I recently had put myself in a situation where I had to delete just about 10.000 posts in WordPress in a specific category.
The reason for this was the design of the community link on tripwire magazine. At the time when I created it I thought it was an OK solution to add posts into a category only used for community submissions but as more and more people started using the feature I found that WordPress where literally becoming flooded with these posts and I spent too much time locating my own articles.
I have been motivated to change this for month but lately I decided to migrate to the Headway theme (see review here) I thought the timing was good as I didn’t want to do too much tweaking in the theme to hide the community posts in all the post listings (front page, category lists etc.). My problem was how to actually get rid of all these posts and after trying different options I ended up coding my own SQL that I share with you in this post.
Why is this even worth a post? Well I ran into a lot of requests from people trying to get this done in an efficient way but there where no solutions.
[exec]$filestr = file_get_contents(‘http://www.tripwiremagazine.com/googleadsensebelowmoretag.inc’);
I considered and experimented with different options. The most obvious way to delete posts in WordPress is of cause to use the administration area but if you have many posts to delete if may take many hour. In my case 10.000 posts seamed to be overwhelming (close to 670 deletes of the 15 posts showed on one page in WordPress admin).
Bulk Delete WordPress Plugin
I decided to look for other and much easier solutions and I ran into Bulk Delete. Bulk Delete is a WordPress Plugin which can be used to delete posts in bulk from selected categories or tags. This Plugin can also delete all drafts, post revisions or pages.
So when there’s a plugin out there that seams to do the trick why didn’t I use it? Basically because I experienced some problems with it and never got it to work on my production site. The plugin rely (as far as I know) on the same functions that WordPress use when you delete a post through the admin. This sounds great right but it will put a lot of load on your server to process 10.000 posts and I ran into problems with memory and timeouts when I tested it.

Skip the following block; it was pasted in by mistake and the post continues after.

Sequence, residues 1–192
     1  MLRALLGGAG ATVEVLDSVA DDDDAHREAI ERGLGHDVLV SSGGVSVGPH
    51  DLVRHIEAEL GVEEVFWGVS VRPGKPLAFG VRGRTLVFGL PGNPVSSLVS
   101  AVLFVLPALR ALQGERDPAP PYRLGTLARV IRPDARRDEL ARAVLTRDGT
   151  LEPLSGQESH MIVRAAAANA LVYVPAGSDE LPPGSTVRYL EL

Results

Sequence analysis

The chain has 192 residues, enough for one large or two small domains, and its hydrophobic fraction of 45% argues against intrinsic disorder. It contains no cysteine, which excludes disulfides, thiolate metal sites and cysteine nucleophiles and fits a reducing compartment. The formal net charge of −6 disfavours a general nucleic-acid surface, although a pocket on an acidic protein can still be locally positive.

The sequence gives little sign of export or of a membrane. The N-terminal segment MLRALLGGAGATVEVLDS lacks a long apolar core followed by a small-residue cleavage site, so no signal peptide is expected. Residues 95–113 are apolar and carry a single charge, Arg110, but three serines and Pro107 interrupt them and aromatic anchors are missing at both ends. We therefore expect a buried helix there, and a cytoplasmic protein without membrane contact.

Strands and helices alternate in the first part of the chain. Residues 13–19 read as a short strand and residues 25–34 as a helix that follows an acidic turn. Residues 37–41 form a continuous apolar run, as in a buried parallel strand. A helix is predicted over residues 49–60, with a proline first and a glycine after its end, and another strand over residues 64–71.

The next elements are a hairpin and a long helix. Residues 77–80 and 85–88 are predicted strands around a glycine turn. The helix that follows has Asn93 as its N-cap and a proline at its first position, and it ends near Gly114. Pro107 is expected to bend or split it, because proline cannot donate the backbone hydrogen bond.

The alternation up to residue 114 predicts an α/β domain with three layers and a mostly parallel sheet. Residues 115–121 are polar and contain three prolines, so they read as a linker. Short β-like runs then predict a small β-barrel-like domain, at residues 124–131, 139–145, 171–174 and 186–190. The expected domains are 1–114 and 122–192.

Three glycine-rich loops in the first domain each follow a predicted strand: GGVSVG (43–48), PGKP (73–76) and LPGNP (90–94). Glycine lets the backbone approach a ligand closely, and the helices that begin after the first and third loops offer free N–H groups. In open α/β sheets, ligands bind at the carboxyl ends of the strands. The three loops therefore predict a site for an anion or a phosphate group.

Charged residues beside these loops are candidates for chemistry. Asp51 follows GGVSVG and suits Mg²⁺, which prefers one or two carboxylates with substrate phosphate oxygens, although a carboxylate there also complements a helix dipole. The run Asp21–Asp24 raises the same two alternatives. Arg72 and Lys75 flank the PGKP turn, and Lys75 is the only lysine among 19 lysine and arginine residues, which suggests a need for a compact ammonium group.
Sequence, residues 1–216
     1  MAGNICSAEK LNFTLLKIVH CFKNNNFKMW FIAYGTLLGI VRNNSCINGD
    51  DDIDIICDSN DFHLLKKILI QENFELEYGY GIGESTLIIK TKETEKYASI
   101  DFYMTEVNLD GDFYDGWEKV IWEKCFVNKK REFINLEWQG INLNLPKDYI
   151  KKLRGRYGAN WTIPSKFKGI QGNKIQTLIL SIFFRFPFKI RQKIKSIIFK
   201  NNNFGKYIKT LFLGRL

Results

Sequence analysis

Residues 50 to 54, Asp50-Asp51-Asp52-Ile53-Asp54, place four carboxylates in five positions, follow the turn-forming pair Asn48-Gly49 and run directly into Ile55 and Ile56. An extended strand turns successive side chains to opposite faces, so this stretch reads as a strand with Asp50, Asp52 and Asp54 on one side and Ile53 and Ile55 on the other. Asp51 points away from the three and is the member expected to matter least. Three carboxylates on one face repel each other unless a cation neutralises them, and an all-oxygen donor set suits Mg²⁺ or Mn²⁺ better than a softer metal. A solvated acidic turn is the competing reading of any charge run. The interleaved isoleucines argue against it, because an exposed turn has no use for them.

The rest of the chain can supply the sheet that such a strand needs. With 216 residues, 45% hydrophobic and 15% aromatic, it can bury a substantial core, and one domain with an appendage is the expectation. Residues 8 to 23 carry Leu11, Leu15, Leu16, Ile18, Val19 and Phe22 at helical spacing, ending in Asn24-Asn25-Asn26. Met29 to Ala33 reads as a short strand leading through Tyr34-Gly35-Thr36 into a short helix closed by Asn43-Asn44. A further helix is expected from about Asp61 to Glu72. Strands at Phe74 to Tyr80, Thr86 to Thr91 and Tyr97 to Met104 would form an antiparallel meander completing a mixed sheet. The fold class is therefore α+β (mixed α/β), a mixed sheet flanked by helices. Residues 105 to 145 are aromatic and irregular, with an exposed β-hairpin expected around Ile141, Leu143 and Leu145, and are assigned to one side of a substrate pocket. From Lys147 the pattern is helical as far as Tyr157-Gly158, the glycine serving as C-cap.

SQL specifically designed to delete all posts in a WordPress Category.
OK so I had to look for other options. I normally find what I need for WordPress after a few minutes of searching Google but this time no solutions came up. I then decided to write a SQL script specifically targeted at deleting all posts in a Category in one efficient execution. I worked as a developer years ago but still it wasn’t that easy for me to crack the problem and I guess other can benefit from this.
WARNING USE THIS SCRIPT WITH CAUSION AND ONLY AFTER BACKING UP YOUR DATABASE! USE AT YOUR OWN RISK.
How to use it:
Log into your phpMyAdmin and locate your WordPress database
Press the SQL tab and fire off this SQL to make sure the right posts are selected. You need to add the target Category Id in stead of <category id> in the script. The script should select all the meta data WordPress collects for a post. You can check out the database ER diagram here that I used.
SELECT * FROM wp_posts a LEFT JOIN wp_term_relationships b ON ( a.ID = b.object_id ) LEFT JOIN wp_postmeta c ON ( a.ID = c.post_id ) LEFT JOIN wp_term_taxonomy d ON ( d.term_taxonomy_id = b.term_taxonomy_id ) LEFT JOIN wp_terms e ON ( e.term_id = d.term_id ) WHERE e.term_id =<category id>
OK so if you’re OK with the posts being selected you fire off this script. It deleted my 10.000 posts in less than a second. But be careful if you choose the wrong category you will not be able to get your posts back unless you restore from backup! The script will clean up all the metadata in the tables: wp_term_relationships, wp_postmeta, wp_term_taxonomy, wp_terms where I had hundreds of thousands of records. It is quite important to get this cleaned out
delete a,b,c,d FROM wp_posts a LEFT JOIN wp_term_relationships b ON ( a.ID = b.object_id ) LEFT JOIN wp_postmeta c ON ( a.ID = c.post_id ) LEFT JOIN wp_term_taxonomy d ON ( d.term_taxonomy_id = b.term_taxonomy_id ) LEFT JOIN wp_terms e ON ( e.term_id = d.term_id ) WHERE e.term_id =<category id>
Hope you will find this guide and the script useful and please leave a comment if you have any suggestions or comments on how to improve it.
Lars started tripwire magazine back in January 2009. He is really passionate about web design, web development and loves to look into new technologies, techniques, tools etc. and to write articles for his readers.